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Scott G Winterton, Deseret News
Senate President Michael G Waddoups listens as Supreme Court Chief Justice Christine M. Durham gives the State of the Judiciary address to the Senate on the opening day of the Utah Legislature Monday, Jan. 23, 2012 in the state Capitol.
I believe in you. The public believes in you. We should believe in each other. —Senate President Michael Waddoups, R-Taylorsville

» View our Utah politics blog, with live updates and analysis of the 2012 legislative sessions.

SALT LAKE CITY — With the pleasantries out of the way, state lawmakers will get down to business starting Tuesday.

"Here we go again," said Senate President Michael Waddoups, R-Taylorsville, in convening 2012 session Monday, which was mostly ceremonial with prayers, patriotic songs and speeches.

"Be bold. Be brave. Be able to say when this session is over that you did your very best," House Speaker Becky Lockhart, R-Provo, told her colleagues in the 75-member body.

Lockhart reminded House members that the 45-day session will be both fulfilling and frustrating, but to remember that they are responsible to their constituents.

"You in this room will make hard choices, just like others have before you," she said.

Public education, liquor laws and illegal immigration top the list of issues the Republican-controlled legislature will tackle.

Senate Minority Caucus Manager Ben McAdams, D-Salt Lake, said the session began on a positive note, especially when it comes to education. Republicans have already said they intend to fund growth in student populations.

"We are of like mind that that's an issue of high concern," he said. But he said he hopes it goes beyond just funding growth. "I don't think that's enough."

The first of several illegal immigration bills could emerge as early as Tuesday. Rep. Chris Herrod, R-Provo, wants to replace last year's HB116, a controversial measure that includes a guest worker prorgram.

Lockhart said it's hard to tell what will ultimately happen on illegal immigration.

"It's probably simmering," she said. "Whether or not it comes to a boil is yet to be determined."

In her speech to the House, the speaker called on legislators to craft creative solutions to problems, protect residents without trampling on civil rights and meet people's needs without overburdening them with taxes.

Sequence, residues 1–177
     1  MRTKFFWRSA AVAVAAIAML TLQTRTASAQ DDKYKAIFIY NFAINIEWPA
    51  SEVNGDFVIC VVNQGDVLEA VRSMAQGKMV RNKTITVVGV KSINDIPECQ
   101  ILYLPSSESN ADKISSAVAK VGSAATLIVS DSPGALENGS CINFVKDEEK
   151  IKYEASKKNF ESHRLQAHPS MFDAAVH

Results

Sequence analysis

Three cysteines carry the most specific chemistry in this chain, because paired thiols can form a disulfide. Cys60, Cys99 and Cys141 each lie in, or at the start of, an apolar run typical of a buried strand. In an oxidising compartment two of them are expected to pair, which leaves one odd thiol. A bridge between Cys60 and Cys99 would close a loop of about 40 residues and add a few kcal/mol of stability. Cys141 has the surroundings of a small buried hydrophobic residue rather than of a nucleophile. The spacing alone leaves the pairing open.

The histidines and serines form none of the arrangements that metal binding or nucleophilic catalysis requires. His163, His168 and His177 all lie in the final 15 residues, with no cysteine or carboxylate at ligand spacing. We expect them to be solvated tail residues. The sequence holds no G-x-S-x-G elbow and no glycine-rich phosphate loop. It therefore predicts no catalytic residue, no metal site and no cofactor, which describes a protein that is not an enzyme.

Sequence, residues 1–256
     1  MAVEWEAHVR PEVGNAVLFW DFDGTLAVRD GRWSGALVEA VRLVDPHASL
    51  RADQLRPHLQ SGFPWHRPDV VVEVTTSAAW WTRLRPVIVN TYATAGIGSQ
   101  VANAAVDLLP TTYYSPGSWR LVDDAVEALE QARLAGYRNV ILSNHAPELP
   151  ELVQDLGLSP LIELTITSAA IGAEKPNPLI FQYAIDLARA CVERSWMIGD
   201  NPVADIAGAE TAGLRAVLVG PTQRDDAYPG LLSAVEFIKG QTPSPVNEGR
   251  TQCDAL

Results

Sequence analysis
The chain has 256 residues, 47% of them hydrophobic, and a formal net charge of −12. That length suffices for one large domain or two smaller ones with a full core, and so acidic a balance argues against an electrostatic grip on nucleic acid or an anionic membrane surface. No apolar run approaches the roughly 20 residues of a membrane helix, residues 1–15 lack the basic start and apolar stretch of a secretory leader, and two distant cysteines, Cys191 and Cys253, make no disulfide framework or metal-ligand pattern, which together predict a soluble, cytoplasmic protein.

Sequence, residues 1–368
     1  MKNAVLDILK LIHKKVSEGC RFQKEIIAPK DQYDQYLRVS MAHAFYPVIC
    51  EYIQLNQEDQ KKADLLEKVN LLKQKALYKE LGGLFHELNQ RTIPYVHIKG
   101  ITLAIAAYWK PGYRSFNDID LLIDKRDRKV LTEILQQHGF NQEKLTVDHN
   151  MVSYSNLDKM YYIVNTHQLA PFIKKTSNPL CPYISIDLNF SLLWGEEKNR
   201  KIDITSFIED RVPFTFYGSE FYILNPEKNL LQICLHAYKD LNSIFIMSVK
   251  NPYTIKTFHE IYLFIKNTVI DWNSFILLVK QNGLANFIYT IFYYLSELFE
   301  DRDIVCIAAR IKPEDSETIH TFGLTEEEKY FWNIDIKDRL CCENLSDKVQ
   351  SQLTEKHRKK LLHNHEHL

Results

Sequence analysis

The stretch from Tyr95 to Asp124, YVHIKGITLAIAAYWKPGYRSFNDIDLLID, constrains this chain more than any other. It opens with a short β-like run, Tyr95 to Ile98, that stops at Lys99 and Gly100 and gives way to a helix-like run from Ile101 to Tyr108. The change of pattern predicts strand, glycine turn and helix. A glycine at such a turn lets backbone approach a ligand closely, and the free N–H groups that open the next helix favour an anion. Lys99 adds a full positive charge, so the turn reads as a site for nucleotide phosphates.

Lawmakers, Lockhart said, need to be cautious with taxpayers' money and understand the proper role of government.

Freedom, God-given rights and the Constitution are often discussed in the Legislature, she said. "And for good reason. These are ideals worth fighting for and worth dying for."

Proceedings in the Senate got under way with prayer, then music from the Osmond family, including one song written by Sen. Orrin Hatch, R-Utah.

Waddoups sounded an optimistic note in his opening remarks, saying recent economic trends that suggest Utah has weathered the nation's economic downturn in much better stead than many other states.

When meeting with legislative peers from other states, he said, they often ask, "What's going on in Utah? Can you give us some hints? Help us out here."

Utah still has money in its Rainy Day Fund and the state is "now paying ongoing money for ongoing projects." This is a result of good planning and strategic management, he said.

Waddoups noted that seven states recently declared they are optimistic about the future. "We are one of those."

The Utah Senate could take lessons from bees, he said, considering the bee is Utah's symbol of industry and is displayed prominently on the state flag, seal and Senate seal.

“The beehive is a colony where a group works together for the benefit of all. Again, I think the parallel is there for us," he said. To punctuate the point, Waddoups gave each of his Senate colleagues a bee lapel pin as a personal gift.

He went on to urge members of the Senate to be the best they can be.

"I believe in you. The public believes in you. We should believe in each other," Waddoups said.

Elder Steven E. Snow, of the Presidency of the Seventy of The Church of Jesus Christ of Latter-day Saints, offered the invocation in the Senate, urging civility in the Senate chamber and the halls of the capitol.

David Osmond, a relative of Sen. Aaron Osmond, R-South Jordan, said his grandmother's advice seemed pertinent to the occasion: "It's amazing what we can accomplish when we don't care who gets the credit." 

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The Senate welcomed three new members, Sens. Osmond, Todd Weiler and Casey Anderson, who were appointed to fill vacancies resulting from resignations. Their terms will run through Dec. 31, 2012.

Elder Donald L. Hallstrom, also of the LDS Church's Presidency of the Seventy, offered the opening prayer in the House. He petitioned for lawmakers to be productive, civil and not worry about who gets credit.

The House also swore in new members Reps. Craig Frank, Daniel McCay and Lowry Snow, all Republicans. They replaced legislators who resigned in the past few weeks.

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